Thank you for sharing this!
Valid points, all. What I’m pointing out (clumsily?) is the growing market for Ivy in Japan– among tradition-valuing gentlemen who tend toward a very-and-fastidiously particular version of traditional style: what they refer to as American Trad; what we here would call Old School Classic Ivy (OSCI). Think the J. Press brochure circa ’61. There’s every reason to suspect the market here in the U.S.A. has been shrinking, and there’s been a cynical return to MTM/MTO. In my world, plenty of uber traditional guys are making a made dash for “the bygone masculine” (a buddy’s phrase)– everything from watches to accessories to cars to … well, clothes.
Clearly the American incarnation) of J. Press is doing sufficiently well to merit Onward’s ongoing interest and investment. Amen and all to the good, since the value remains (The oxfords look and feel like New England Shirt Co., so the price is more than fair) and quality has been improving. I’d love to see J. Press move away from the Canadian manufacturers and engage Hickey Freeman’s RTC (former Southwick exec is there now and the clothing is great) for off-the-rack — and use Greenfield for the better custom. But then I’m a diehard devotee of Old School Classic Ivy; so, I can be persnickety. Not unlike the guy who wants not just a Submariner, but, by God, a 6538. That guy.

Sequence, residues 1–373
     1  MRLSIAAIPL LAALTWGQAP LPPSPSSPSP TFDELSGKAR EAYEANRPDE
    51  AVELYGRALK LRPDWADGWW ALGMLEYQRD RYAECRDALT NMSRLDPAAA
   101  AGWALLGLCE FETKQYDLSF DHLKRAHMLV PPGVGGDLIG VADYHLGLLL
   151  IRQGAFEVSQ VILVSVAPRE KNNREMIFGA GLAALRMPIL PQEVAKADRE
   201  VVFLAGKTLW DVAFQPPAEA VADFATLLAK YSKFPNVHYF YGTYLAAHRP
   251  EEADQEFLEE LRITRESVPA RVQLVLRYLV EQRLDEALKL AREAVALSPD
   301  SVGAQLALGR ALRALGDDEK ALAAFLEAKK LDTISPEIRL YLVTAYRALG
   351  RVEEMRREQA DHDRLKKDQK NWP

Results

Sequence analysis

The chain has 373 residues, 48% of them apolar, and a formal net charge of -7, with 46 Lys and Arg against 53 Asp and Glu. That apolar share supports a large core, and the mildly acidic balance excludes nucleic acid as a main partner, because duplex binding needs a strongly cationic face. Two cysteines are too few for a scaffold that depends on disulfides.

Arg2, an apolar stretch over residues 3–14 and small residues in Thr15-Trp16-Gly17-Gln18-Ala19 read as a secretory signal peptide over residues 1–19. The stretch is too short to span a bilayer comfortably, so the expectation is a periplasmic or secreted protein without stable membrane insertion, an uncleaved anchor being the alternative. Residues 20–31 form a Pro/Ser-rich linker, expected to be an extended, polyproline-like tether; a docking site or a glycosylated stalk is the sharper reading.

My prayers for you and your family as well, John.
I look forward to listening to the interview and hearing Mr. Press’s stories. I also note that the second volume of his Threading the Needle arrived on Saturday so I have a Richard Press feast in front of me.
** “cyclical,” not “cynical.” Nothing “cynical,” after all, about the return to MTM/MTO. Refreshing. My colleagues who have opted for MTM/MTO suits and jackets look GREAT.